Today is World Mental Health Day 2019, an opportunity for us to raise awareness of mental health and advocate against any social stigma that comes with it. Here, we highlight two of the key societal issues that have a significant impact on mental health, and some of the key organisations that are available to help those who need it.
Affecting a staggering 40 million people worldwide, modern slavery victims are suffering from the likes of depression, anxiety and post-traumatic stress disorder (PTSD). In the UK alone, 89 percent of modern slavery victims are suffering from these disorders because they’ve been abused, exploited and / or forced to work against their will.
While the topic is one that’s hot in the press, we’ve got a long way to go before we stamp it out completely. Raising awareness of the organisations that are out there (like our partners Unseen and Stronger Together) that offer support is crucial so victims know they have somewhere to turn. Spotting the signs early on is key as well, so we can stop it from happening in the first place. Find out what to look out for when identifying modern slavery here.
Having safe and secure housing is a fundamental need for anyone. Take it away, and we’re at risk of developing mental health problems. Housing charity Homeless Link found that 80% of homeless people in the UK have reported at least one mental health issue, 45% of which have been officially diagnosed.
Urgent action is needed, especially seeing as in 2018 around 726 homeless people died in England and Wales due to the likes of drug poisoning, suicide and alcohol-abuse. This is the highest year-to-year increase (22%) since the data was first collected in 2013.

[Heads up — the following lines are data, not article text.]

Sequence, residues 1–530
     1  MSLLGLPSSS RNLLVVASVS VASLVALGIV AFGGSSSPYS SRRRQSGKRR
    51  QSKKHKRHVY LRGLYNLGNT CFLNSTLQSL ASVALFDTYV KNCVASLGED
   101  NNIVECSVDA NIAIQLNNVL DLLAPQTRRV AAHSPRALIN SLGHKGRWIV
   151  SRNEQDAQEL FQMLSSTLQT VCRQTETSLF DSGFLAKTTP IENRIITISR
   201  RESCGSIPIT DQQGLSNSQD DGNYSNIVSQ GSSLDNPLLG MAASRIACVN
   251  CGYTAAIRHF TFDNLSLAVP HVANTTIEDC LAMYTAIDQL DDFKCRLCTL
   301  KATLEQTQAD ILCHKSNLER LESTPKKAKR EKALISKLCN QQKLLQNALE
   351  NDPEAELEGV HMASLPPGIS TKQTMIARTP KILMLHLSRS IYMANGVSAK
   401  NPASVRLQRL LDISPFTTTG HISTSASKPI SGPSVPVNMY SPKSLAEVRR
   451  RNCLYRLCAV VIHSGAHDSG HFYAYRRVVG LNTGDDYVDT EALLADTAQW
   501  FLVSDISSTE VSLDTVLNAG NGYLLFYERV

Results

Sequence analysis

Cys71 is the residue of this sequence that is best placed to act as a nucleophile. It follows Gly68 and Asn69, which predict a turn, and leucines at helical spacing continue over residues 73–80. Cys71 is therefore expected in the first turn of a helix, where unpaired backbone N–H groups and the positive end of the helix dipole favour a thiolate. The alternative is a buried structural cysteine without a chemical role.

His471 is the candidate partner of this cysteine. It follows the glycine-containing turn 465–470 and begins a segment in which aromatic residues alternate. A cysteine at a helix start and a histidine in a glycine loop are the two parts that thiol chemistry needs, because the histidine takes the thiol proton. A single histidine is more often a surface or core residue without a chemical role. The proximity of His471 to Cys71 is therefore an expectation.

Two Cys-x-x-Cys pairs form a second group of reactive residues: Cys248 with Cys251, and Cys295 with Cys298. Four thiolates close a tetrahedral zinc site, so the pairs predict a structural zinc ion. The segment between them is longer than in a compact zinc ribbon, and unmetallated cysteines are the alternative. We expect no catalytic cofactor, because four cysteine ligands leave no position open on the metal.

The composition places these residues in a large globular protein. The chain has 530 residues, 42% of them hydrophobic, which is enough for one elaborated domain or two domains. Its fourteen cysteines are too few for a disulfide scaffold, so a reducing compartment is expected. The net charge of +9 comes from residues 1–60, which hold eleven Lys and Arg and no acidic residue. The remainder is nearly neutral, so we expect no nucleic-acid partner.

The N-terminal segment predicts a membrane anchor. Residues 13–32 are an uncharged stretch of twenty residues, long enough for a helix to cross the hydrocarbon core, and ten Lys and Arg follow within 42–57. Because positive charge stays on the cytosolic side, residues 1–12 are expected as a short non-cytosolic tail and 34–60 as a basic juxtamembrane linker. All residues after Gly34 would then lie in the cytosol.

This week, we’re tackling the homeless problem in Liverpool by sleeping outside for one night to raise money for The WhiteChapel Centre, a charity helping those who are sleeping rough, living in hostels or struggling to manage their accommodation. To sponsor us, please visit our Go Fund Me Page here.
Of course, there are many other causes of mental health problems including unemployment, trauma, poverty, domestic violence and abuse. If you’re facing difficulties, please reach out. Here’s some organisations that offer support:
0808 020 133
0808 801 0677
Talk to Frank
0300 123 6600
Text a question to 82111 and FRANK will text you back
Domestic abuse victims
0333 043 7985
Men’s advice line
0808 801 0327
Domestic Violence helpline for women:
0808 2000 247
Sexual Abuse Victims
The Rape Crisis for Women
0808 802 9999
Safeline for men
0808 800 5005
Text: SHOUT to 85258 (24/7 crisis text support)
Suicidal Thoughts and Non-Suicidal Self-Injury
Helpline: 0300 123 3393
0808 808 1677
0300 330 0630